If we want to make the ln continuous we remove that

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Unformatted text preview: ate w = ln z as follows: First write z in the form z = reiø. Now let w = u+iv. Then ew = z gives eu+iv = z = reiø. Thus, eu eiv = reiø. Equating magnitudes and arguments, eu = r, v = ø, or u = ln r, v = ø. Thus, Formula for ln z ln z = ln r + iø, r = |z|, ø = arg(z) 3. If ø is chosen as the principal value of arg(z), that is, -π < ø ≤ π, then we get the principal value of ln z, called Ln z. Thus, Formula for Ln z Ln z = ln r + iø, r = |z|, ø = Arg(z) Also ln z = Ln z + i(2nπ); n = 0, ±1, ±2, ... What about the domain of the function Ln? Answer: Ln: C -{0}ÆC . However, Ln is discontinuous everywhere along the negative I I x-axis (where Arg(z) switches from π to numbers close to -π. If we want to make the Ln continuous, we remove that nasty piece from the domain and take Ln: {z | z ≠ 0 and arg(z) ≠ π} Æ C I 4. ln 0 is still undefined, as there is no complex number w such that ew = 0. Examples 3.7 (a) ln1 = 0 + 2nπi = 2nπi; (b) ln4 = 1.386... + 2nπi; (c) If r is real, then ln r = the usual value of ln r + 2nπi; (d) lni = πi/2 + 2nπi...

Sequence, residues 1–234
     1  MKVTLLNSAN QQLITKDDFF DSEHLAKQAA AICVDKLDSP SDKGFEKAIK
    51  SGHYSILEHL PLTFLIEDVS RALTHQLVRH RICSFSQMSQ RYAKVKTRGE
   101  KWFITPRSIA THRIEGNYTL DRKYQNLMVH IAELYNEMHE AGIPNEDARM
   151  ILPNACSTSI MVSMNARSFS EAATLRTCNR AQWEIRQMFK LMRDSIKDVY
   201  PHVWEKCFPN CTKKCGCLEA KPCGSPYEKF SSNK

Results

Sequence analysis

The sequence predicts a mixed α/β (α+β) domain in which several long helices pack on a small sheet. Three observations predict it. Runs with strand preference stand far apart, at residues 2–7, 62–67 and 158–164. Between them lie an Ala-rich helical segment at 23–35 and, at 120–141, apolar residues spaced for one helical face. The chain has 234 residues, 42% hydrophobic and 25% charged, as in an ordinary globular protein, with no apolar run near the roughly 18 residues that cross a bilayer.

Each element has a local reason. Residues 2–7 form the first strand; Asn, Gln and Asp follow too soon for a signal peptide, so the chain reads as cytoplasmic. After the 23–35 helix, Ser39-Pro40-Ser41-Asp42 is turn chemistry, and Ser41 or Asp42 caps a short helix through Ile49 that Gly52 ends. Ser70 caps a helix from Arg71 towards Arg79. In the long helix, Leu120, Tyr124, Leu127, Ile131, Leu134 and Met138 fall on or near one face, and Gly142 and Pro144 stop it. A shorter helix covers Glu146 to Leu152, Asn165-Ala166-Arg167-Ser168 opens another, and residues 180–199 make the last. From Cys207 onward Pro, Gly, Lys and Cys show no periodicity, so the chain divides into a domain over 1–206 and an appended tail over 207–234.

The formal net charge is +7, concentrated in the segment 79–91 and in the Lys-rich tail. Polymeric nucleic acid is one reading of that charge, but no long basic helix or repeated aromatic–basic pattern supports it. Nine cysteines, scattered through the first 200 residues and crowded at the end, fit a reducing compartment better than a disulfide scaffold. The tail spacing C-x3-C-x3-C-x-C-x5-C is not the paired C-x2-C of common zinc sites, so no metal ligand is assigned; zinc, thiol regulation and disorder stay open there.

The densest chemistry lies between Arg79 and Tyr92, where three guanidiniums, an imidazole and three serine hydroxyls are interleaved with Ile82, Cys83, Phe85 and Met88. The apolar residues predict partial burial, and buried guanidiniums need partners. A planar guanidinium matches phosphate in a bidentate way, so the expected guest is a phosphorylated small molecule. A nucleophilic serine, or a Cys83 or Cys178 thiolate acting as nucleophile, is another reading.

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This document was uploaded on 03/20/2014 for the course MATH 144 at Hofstra University.

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